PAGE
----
So in thinking about not being able to walk nor drive, and trying to put other people in my shoes (I swear I didn’t intend this as a pun), I figured that quite often we behave in the way we want someone to treat us when we are sick. But as I thought about it I remembered many exceptions to the rule and I decided I didn’t know what other people truly want.

The reality is Sometimes I rush to visit someone; and other times I think that they really want to be left alone. But these are all assumptions. I don’t know what’s in their heart.

That’s when I remembered the commandment of Visiting the Sick – Bikur Cholim (ביקור חולים) and marveled at how regulating human behavior has its merits. Yup, kind of hard to believe that these words actually came out of my mouth but they did and I stand firmly behind them.

We humans are so prone to errors, miscalculations and assumptions that we waste precious time and energy trying to figure out what the right thing to do is. However, the religious Jew or the religious Moslem, for instance, does not. It’s spelled out for him/her. There’s a code of behavior towards God and our fellow-man. Case closed.

Yes, the sick may not be in the mood for a visit, they may already have too much food from friends and family, but visiting for even a short time is fulfilling the commandment; and you don’t need to wonder whether you’ve done the right thing or not. And in this day of FaceBook, texting, emails and the archaic instrument we call telephone, it’s so easy to lose the human touch  the physical touch.  And, I’m as guilty of that as anyone.

There’s no doubt that regardless of whether you believe the code of behavior was given by God, was Godinspired or simply written by sages who gathered generations of wisdom wisdom it is! I, the heathen that I am, believe in the sages, but that’s neither here nor there.  The commandments and the code of ethics contain timeless instructions on how to be, thus resolving any doubts as to what’s appropriate behavior.

So next time when in doubt, I’ll simply follow the commandment. As we say here quite often:  If it won’t help, it won’t hurt.


From Wikipedia:

Bikur cholim (Hebrew: ביקור חולים; “visiting the sick”; also transliterated Bikur holim) refers to the mitzvah (Jewish religious commandment) to visit and extend aid to the sick.[1] It is considered an aspect of gemilut chasadim (benevolence, selflessness, loving-kindness).[2] It is traditional to recite prayers for healing, such as the Mi Shebeirach prayer in the synagogue, and Psalms (especially Psalm 119) on behalf of the sick.[3] Bikur cholim societies exist in Jewish communities around the world. The earliest Bikur cholim society on record dates back to the Middle Ages.[4]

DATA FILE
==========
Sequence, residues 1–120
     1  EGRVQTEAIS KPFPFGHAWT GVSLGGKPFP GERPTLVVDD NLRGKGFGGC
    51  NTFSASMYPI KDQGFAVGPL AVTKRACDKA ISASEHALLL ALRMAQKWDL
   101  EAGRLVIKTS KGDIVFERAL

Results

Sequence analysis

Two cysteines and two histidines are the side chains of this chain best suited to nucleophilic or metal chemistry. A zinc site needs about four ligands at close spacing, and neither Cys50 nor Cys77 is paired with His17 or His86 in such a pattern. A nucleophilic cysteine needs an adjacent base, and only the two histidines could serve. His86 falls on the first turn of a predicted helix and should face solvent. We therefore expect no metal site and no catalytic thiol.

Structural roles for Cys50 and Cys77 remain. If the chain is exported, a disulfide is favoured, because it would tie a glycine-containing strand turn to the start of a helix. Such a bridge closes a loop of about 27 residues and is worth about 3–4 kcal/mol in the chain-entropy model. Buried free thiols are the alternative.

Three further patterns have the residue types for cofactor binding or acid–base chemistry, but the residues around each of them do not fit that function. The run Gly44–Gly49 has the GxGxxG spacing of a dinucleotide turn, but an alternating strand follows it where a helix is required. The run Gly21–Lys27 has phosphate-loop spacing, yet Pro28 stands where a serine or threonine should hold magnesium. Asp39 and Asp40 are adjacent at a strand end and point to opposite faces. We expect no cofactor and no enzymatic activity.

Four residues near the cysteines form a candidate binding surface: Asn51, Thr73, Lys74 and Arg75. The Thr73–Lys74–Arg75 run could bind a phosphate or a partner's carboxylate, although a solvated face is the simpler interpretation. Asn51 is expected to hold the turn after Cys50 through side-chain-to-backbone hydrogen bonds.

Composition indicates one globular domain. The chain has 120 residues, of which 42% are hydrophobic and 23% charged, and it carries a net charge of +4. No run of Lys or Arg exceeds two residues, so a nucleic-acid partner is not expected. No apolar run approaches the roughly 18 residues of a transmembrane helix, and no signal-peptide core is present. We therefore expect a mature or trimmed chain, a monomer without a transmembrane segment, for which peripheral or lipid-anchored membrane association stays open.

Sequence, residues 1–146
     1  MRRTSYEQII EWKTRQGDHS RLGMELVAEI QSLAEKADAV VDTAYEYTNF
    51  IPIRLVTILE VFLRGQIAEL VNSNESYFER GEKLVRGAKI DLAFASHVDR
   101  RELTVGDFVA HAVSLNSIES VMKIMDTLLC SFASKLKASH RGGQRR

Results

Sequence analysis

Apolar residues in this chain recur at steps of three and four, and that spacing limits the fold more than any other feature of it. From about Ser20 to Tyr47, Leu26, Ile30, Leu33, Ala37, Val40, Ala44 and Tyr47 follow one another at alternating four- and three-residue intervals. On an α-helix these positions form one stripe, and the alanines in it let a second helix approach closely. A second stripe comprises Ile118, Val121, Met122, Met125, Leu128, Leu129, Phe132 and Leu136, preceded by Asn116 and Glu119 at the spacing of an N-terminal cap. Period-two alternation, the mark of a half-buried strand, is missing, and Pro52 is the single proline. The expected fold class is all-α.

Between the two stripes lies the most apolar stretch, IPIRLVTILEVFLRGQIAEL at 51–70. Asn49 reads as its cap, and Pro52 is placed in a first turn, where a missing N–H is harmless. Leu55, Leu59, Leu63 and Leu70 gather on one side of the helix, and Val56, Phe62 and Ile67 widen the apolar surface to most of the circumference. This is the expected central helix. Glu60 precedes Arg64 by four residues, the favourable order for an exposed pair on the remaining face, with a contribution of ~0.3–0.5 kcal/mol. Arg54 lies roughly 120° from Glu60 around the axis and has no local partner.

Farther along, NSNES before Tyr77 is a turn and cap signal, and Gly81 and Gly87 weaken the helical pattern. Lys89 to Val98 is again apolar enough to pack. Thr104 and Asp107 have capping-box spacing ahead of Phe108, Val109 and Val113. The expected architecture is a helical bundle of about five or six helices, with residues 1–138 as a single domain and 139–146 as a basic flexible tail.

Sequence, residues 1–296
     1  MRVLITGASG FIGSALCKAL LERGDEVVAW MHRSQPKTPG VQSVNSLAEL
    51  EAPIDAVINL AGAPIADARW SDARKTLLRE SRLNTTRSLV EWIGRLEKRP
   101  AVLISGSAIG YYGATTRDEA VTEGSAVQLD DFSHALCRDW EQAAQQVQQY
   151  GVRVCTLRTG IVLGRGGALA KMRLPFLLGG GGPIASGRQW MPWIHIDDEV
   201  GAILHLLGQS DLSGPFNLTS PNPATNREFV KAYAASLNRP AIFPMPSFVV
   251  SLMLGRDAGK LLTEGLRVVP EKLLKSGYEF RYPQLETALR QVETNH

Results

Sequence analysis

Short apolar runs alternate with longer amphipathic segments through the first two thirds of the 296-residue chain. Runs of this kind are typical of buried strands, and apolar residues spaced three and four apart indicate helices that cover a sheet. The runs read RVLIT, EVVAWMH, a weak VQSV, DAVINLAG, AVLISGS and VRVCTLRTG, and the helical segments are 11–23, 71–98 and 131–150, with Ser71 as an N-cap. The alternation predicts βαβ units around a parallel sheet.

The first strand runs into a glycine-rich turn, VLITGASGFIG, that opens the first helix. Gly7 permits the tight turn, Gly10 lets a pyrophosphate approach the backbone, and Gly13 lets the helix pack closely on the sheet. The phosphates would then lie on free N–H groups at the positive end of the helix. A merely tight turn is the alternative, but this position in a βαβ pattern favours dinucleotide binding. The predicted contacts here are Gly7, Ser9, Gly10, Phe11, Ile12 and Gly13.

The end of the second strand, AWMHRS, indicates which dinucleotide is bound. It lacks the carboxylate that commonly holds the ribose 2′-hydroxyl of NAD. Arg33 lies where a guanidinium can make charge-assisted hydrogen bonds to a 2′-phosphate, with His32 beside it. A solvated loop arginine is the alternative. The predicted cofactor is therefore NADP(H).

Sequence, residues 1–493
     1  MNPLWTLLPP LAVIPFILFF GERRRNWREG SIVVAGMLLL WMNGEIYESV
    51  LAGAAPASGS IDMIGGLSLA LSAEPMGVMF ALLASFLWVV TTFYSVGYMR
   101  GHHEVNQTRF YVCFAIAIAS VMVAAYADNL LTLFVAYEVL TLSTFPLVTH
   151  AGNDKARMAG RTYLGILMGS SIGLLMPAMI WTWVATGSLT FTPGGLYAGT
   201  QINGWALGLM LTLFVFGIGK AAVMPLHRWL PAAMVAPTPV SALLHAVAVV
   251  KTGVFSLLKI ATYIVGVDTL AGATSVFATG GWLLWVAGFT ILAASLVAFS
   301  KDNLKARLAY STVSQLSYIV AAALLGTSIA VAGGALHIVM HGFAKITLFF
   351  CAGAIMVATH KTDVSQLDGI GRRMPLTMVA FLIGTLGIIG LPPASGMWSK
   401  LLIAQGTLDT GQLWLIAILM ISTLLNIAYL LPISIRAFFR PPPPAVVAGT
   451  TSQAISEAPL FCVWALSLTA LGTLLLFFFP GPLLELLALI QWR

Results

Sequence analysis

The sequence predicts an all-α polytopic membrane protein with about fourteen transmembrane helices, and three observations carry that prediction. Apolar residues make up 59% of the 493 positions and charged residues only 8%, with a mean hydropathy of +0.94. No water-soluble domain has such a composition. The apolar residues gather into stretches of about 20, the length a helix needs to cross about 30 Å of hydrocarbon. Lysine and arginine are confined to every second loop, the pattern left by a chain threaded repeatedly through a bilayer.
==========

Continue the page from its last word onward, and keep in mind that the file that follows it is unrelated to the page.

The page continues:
Visiting the sick is from the clearest signs of such mutual love, mercy and empathy.  More than that, visiting the sick is a major responsibility that every single Muslim is duty-bound to fulfill.  The Prophet Muhammad said:

“The rights of one Muslim over another Muslim are six… When you meet him, you greet him with the salaam (i.e. to say: “As-Salamu alaykum”), when he invites you, you accept his invitation, when he consults you in a matter, you give him sincere advice, when he sneezes and praises God, you ask God to have mercy on him, when he is sick, you visit him, and when he passes away you accompany him (through his funeral).”[2]

Posted in Illness, Uncategorized, Visiting the Sick | Tagged , , , , , , , , | 13 Comments

Fine Dining and Falafel

After an enjoyable visit to NYC, I made some mental notes about my dining experience … so, here goes:

Let’s start with the supporting actors: First and foremost my husband, who’s a Foodie. Not only does he like to try new restaurants and cuisines, he cooks as well! Yes, I know, all of you female readers are envious, and you should be.

Then there’s my first born. How I ended up with a son who is so passionate about food, who knows so much about chefs, cuisines, restaurants etc. is beyond me. Maybe it has to do with his years in Italy, but I’m still amazed at his zeal and devotion to the science of food and its consumption…

And then there’s me, the main actor in this NYC trip – who was told by the supporting actors that we MUST visit certain restaurants, or otherwise this would end in tragedy and bloodshed.

Let me first share with you some of the early gastronomical background of the main character – i.e. me, where I was introduced to simple delicacies from the streets of Netanya, my home town in Israel.